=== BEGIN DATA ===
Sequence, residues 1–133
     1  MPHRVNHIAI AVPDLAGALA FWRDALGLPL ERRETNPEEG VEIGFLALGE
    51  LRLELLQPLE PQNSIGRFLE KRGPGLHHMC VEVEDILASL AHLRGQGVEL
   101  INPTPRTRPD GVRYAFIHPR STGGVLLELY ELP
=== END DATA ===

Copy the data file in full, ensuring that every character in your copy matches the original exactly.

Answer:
Sequence, residues 1–133
     1  MPHRVNHIAI AVPDLAGALA FWRDALGLPL ERRETNPEEG VEIGFLALGE
    51  LRLELLQPLE PQNSIGRFLE KRGPGLHHMC VEVEDILASL AHLRGQGVEL
   101  INPTPRTRPD GVRYAFIHPR STGGVLLELY ELP